The Pandemic changed the way we live and work. Companies made annual plans at the end of 2019 and ended up shelving them as governments around the world instituted lockdown policies that made the usual way of working impossible. Eventually, many had to explore new ways to deliver services. Work From Home (WFH) went from being a feel-good experiment that HR occasionally tried to a crucial element of organisational survival. Some industries fared better than others. Workers also responded differently to the new way of working. Some took to the new freedom like a fish to water. Others not so well.
There are decades where nothing happens and weeks where decades happen.Vladimir Ilyich Lenin
The success of WFH depended on a large part on one’s home environment. If you already had a home office from which you sometimes worked, you were a step ahead. If you had to look after children while trying to meet deadlines from the living room, that was a minus. As lockdown restrictions were eased, some workers began agitating for more flexible work options. They had seen the value of being able to get an extra hour of sleep and not having to endure traffic each day. Others were only too happy to return to the office. For all its fault, the office was a place that had been made for work. Working from the office also meant providing electricity and a stable internet connection was your employer’s responsibility.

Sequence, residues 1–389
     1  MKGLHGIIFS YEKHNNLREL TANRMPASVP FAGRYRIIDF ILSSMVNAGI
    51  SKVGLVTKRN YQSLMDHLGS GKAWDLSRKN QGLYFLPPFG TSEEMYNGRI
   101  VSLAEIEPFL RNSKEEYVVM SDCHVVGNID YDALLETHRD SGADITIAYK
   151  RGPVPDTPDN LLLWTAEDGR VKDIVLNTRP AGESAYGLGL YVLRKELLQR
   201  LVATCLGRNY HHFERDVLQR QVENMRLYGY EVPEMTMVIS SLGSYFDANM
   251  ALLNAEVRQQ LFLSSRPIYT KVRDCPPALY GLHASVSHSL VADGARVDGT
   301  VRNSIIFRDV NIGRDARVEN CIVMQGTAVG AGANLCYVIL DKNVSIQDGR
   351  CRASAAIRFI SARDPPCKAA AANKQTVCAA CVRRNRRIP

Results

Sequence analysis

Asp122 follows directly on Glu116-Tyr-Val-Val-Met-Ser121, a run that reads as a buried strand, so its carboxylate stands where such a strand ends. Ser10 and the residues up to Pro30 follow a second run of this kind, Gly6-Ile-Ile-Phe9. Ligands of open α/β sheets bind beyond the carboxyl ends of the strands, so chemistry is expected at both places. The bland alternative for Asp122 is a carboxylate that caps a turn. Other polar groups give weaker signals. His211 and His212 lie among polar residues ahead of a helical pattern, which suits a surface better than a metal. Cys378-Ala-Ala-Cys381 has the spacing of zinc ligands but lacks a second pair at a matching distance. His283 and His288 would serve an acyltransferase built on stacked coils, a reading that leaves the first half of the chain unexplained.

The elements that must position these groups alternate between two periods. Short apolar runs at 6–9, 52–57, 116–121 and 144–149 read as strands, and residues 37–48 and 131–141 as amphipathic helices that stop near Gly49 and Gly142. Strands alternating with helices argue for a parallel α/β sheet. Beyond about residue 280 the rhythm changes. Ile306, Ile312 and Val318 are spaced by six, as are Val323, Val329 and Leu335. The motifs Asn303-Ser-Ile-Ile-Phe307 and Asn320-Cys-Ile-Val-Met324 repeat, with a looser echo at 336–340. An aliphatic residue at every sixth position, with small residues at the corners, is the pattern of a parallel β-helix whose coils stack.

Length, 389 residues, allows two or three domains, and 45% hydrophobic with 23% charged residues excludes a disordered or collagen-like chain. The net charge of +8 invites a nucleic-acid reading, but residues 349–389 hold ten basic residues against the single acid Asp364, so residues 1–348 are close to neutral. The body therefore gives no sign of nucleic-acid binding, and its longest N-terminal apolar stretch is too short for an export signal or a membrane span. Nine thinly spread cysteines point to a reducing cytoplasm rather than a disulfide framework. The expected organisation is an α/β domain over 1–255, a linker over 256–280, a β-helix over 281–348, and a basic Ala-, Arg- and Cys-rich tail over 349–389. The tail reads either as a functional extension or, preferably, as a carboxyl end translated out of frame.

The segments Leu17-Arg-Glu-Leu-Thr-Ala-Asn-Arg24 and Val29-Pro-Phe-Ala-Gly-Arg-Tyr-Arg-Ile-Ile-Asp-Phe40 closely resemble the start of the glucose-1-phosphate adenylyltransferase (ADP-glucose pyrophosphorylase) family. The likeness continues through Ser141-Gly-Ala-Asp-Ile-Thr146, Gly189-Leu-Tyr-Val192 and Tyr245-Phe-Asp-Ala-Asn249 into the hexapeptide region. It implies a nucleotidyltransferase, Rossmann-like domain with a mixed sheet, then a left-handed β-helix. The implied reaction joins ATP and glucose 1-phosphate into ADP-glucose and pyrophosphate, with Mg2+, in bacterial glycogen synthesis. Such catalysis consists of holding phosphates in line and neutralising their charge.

While a lot has changed, the pandemic has not led to the complete elimination of the Office as some had predicted. Rather, I imagine the organisations that can afford to will set up a hybrid working model where some staff will be allowed to work from home on some days but will be required to come into the office for important events.
After six months of spending three hours a day on back-to-back zoom calls (“Can you hear me?” “Is my presentation visible?” “Mute your mic.”), some of us gained a fresh appreciation for face-to-face interactions. What was your work from home experience like? Would you like to share?